Religion and Philosophy in Pro-Life Arguments

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A commenter on the Philosophy et cetera cross-posting of my Moral Pollution post says the following:

I don't feel that embryos are "persons" at all, in fact the only reasons I've seen to be against stem-cell research are religious ones. I admit, I haven't comprehensively studied the issue, but from what I have read, that seems to be the case.

I decided that my response was worthy of a post, which I've cross-posted at Philosophy et cetera. You don't need to know much of the abortion literature to know that this is wrong. All you need to do is pick up any of a number of standard applied ethics anthologies to know the most common argument for embryonic personhood. Most of them contain John Noonan's paper defending the traditional pro-life view, and that is indeed a philosophical argument, no matter how bad you might think the argument is.

The first premise is that a newborn is a person and has full moral status. The second premise is that personhood or the kind of moral status persons have is not the sort of thing that can admit of vagueness. But then there's no good place to draw a line between embryos and newborns that is not vague, and thus embryos must have the same moral status as newborns. You may disagree with the argument, and there are all sorts of ways to do so (but none that I know of that aren't question-begging). Even so, I don't know how anyone can deny that it's a philosophical argument.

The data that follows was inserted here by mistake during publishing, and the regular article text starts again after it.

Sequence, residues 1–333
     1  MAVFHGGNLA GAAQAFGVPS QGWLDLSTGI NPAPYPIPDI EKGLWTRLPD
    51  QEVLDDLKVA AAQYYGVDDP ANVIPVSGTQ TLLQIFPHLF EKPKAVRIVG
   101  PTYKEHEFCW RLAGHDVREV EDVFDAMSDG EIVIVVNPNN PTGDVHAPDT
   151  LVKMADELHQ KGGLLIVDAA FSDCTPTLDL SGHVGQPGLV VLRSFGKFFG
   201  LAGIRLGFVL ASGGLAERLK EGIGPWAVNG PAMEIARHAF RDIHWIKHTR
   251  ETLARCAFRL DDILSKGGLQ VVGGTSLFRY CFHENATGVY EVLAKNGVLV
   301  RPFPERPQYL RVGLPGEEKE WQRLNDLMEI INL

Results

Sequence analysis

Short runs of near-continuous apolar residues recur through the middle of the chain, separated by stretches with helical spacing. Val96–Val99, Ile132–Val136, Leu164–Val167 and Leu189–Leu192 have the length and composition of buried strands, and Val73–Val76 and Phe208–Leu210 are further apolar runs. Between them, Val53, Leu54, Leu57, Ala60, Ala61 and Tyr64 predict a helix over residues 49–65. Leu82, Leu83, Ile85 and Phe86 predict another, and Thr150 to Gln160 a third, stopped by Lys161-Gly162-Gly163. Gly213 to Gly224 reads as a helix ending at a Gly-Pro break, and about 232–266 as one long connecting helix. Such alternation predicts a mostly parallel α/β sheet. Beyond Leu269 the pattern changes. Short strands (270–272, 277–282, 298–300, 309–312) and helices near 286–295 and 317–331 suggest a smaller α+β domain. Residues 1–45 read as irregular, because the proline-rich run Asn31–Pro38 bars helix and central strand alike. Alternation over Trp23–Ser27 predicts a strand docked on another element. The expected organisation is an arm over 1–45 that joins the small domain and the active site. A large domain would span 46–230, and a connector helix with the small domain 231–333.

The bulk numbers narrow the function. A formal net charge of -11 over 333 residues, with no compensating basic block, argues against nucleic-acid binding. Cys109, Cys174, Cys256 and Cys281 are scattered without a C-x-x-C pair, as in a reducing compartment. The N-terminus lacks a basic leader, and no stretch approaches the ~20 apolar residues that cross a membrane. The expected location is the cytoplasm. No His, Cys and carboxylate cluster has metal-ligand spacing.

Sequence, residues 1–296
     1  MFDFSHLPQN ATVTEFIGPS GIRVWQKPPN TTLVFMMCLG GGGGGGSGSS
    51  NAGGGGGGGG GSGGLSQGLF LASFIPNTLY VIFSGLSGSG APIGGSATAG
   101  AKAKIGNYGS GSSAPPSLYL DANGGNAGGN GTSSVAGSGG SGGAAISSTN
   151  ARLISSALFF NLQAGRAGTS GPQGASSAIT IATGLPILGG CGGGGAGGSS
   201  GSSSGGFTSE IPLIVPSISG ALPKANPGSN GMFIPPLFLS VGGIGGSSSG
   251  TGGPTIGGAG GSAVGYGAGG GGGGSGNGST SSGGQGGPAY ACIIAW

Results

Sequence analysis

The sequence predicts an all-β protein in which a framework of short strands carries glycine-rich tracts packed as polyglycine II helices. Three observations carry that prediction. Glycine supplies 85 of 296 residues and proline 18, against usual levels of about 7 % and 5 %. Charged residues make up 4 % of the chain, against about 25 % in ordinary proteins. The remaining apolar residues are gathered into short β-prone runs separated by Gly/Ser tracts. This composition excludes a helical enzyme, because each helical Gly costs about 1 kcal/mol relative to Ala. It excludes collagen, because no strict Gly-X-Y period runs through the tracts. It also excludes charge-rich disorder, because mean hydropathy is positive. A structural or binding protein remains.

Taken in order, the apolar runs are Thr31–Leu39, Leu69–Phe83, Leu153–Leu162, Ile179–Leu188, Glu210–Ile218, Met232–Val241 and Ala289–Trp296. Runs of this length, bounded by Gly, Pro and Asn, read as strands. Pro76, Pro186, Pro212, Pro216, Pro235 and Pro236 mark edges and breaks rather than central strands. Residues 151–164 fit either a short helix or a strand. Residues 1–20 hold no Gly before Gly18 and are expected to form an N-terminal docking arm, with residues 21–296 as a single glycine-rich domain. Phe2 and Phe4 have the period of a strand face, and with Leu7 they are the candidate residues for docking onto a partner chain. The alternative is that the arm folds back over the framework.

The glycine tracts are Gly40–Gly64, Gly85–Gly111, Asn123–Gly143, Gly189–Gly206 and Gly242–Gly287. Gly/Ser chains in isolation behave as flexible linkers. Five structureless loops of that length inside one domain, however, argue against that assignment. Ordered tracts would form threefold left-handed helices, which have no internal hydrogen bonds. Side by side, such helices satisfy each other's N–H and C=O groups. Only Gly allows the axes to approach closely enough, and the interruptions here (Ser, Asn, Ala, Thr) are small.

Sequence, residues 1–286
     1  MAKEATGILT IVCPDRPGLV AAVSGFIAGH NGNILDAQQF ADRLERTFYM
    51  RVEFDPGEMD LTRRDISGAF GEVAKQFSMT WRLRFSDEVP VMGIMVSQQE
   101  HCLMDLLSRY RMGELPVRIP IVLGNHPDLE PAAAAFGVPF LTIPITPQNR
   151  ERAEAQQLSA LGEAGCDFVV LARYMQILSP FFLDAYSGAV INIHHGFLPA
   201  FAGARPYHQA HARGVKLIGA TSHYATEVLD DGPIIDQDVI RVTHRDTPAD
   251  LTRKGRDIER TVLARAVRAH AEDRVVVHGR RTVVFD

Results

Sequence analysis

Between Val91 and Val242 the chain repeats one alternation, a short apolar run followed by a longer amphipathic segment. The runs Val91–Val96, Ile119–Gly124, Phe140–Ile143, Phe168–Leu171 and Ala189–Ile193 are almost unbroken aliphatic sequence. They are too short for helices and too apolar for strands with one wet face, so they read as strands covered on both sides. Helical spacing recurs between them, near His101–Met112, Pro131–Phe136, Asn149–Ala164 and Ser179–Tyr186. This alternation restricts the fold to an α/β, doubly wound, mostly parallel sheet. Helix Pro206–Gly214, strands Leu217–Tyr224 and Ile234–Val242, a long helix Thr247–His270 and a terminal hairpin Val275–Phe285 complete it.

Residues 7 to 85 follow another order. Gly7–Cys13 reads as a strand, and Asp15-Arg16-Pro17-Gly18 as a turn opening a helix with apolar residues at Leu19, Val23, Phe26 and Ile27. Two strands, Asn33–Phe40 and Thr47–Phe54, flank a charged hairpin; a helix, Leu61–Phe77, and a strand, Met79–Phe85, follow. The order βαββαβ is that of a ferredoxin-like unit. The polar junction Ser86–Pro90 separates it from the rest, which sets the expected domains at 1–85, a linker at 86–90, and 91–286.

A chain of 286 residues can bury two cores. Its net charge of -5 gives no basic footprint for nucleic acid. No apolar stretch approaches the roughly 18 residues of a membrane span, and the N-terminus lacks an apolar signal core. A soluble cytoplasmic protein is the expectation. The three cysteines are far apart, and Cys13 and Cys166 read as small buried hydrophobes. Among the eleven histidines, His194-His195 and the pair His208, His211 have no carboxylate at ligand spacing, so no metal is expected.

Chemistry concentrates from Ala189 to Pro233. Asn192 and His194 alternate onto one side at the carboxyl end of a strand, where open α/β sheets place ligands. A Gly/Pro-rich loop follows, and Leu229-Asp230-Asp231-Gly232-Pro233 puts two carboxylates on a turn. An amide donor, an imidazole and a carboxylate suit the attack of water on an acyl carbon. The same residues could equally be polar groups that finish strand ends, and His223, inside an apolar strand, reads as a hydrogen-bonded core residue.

I know lots of pro-life people who aren't exactly the philosophical type, and pretty much all of them will put forth something like this when questioned about why they think an embryo has full human rights, though they will do it without the philosophical sophistication of John Noonan's version. If anyone is going to stick with quoting scripture, it would be these people, and yet they're well aware of the philosophical argument that stands behind most versions of the pro-life view. I don't see anything in the argument that quotes scripture or gives a dictate from a religious authority of any other sort. For a more detailed presentation of my own view on what I think the arguments on both sides can establish (or at least what I thought two years ago, since I may have changed a little on some points), you can see this post.